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The Ethnic Conflict Research Digest

2000, Vol. 3 No. 2 .

Experimenting with Democracy: Regime Change in the Balkans
Geoffrey Pridham and Tom Gallagher (eds.)

London: Routledge, 2000
286 pp. Index. Hb.: 55.00; ISBN 0-415-18726-5

This excellent volume tackles the incomplete political transition in Southeastern Europe over the past decade systematically and comprehensively. It combines chapters on theoretical aspects of democratization in the region, including nationalism, political culture, economic transformation and the media. These are supplemented by case studies of (most of) the countries of the Balkans.

Tom Gallagher systematically explores the relationship between nationalism and democracy in this part of Europe (pp. 84-111), which takes into account authoritarian traditions, but pays particular attention to 'nomenclature nationalism'. He demonstrates convincingly the usage of nationalism and ethnic polarization to disguise authoritarian tendencies in several countries of Southeastern Europe (i.e. Serbia and Romania) and their partial abandonment after the policies of ethnic radicalization either spiralled out of control or could no longer harvest sufficient political support. Gallagher's outlook remains pessimistic: without security and some level of prosperity the prominence of malign nationalism is unlikely to decline (p. 108). His exploration of Balkan nationalism and democracy is an interesting and comprehensive piece; however, a stronger emphasis on theoretical approaches to nationalism would have benefited the article. Bianchini fills this gap in his discussion on political culture, which touches on some aspects of nationalism in post-communist Southeastern Europe (pp. 65-83). He emphasizes the importance to distinguish between the self-presentation of nationalist movements, which often appear to be antagonistic to the 'West' but structurally emulate important elements of Western political tradition and serve as "a tool for the organization of support conducted through the media by policy-makers..." (p. 80).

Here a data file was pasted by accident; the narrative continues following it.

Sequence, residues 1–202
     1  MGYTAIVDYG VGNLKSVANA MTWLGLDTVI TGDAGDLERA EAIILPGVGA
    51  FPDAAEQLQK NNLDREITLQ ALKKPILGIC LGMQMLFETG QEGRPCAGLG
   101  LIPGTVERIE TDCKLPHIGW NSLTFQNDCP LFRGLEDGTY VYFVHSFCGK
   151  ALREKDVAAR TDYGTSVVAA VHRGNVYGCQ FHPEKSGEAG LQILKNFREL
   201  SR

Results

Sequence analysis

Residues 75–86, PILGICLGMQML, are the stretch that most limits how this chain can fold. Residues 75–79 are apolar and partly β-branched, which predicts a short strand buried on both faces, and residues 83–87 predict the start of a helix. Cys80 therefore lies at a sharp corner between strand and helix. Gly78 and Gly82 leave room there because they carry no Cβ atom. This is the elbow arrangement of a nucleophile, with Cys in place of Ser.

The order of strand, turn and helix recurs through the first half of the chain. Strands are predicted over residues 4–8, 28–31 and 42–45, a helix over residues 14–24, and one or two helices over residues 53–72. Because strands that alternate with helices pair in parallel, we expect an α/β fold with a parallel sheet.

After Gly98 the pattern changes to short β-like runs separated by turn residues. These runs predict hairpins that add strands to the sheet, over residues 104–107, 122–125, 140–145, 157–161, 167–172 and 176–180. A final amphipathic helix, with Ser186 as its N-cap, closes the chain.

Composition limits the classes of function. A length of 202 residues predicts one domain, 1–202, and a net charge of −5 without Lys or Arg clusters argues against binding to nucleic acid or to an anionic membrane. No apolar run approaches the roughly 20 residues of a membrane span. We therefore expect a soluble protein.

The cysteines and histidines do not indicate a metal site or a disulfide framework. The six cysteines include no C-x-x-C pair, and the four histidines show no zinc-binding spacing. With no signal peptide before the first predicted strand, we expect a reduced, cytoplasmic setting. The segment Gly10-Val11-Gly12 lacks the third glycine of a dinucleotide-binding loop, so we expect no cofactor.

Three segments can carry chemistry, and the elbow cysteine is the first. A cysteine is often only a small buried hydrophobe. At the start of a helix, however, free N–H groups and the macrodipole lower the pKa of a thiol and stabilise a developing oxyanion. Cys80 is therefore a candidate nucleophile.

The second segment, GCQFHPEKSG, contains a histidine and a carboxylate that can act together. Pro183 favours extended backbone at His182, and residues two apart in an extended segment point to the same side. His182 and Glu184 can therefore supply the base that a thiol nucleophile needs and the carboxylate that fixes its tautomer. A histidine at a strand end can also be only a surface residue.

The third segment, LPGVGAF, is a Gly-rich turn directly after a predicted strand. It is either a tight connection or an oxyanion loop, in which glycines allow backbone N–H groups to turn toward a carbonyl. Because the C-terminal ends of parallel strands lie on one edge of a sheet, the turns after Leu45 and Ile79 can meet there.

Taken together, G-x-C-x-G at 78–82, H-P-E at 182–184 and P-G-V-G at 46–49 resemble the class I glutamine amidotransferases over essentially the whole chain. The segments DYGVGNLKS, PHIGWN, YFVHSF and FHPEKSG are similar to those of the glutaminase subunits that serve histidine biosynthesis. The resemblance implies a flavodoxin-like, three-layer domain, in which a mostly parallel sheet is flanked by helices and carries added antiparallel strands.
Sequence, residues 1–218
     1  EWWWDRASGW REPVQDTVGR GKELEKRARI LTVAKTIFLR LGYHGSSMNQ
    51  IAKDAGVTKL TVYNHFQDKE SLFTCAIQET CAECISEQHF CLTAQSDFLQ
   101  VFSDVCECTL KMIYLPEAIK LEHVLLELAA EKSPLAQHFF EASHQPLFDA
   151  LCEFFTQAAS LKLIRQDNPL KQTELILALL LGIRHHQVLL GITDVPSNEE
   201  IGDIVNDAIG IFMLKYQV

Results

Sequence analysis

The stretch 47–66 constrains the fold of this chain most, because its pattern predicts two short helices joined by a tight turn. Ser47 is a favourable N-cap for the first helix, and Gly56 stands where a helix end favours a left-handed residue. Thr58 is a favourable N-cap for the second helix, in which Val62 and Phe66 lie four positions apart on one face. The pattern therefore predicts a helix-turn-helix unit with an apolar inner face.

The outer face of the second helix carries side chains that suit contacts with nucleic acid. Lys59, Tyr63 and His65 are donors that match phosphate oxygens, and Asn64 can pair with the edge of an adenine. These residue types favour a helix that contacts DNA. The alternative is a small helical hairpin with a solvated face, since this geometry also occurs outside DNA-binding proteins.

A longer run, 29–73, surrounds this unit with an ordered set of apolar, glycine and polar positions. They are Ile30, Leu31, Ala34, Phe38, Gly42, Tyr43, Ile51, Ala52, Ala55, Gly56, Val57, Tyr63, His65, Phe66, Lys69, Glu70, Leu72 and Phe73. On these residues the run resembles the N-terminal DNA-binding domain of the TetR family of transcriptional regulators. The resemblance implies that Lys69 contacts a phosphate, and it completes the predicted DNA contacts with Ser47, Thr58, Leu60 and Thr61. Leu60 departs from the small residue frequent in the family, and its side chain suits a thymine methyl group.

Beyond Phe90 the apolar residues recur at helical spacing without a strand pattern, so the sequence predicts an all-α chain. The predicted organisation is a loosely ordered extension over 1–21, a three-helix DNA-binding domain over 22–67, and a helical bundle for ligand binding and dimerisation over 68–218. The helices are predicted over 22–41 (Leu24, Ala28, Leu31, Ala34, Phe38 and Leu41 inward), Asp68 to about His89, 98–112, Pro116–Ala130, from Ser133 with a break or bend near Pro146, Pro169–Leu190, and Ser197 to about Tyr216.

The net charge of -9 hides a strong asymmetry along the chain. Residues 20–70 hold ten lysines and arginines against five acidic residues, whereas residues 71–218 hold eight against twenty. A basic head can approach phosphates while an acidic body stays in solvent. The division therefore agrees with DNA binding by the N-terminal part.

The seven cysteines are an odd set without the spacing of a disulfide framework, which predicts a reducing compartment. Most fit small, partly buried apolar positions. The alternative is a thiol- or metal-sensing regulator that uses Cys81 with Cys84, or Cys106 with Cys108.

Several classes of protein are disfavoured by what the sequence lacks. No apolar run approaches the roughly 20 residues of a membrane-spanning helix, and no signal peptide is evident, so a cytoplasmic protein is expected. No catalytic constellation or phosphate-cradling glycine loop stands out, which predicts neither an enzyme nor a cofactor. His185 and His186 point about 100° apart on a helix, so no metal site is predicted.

The exploration of the Balkan countries is varying in quality and depth. Unfortunately, Bosnia-Herzegovina is not discussed at all in this volume. Ivan Vejvoda offers an excellent chapter, which covers both Croatia and Yugoslavia. However, more space should have been devoted to both. Subsequently Kosovo and Montenegro receive only passing attention (not even one page each), which is frustratingly little in a volume covering the Balkans. Besides these occasional gaps in covering the region, the most obvious chapter missing in this volume is the role of minorities in the past decade. A comparative analysis would offer some interesting insights not only for understanding of nationalism in the region, but also of democratization (or the failure thereof).

Altogether this book offers a broad and well-researched coverage of recent developments in democratization in the Balkans. While focusing on democratization, nationalism and ethnic conflict plays a prominent role in this volume due to the unfortunate developments in large parts (but not all) of the Balkans.

Florian Bieber, Central European University

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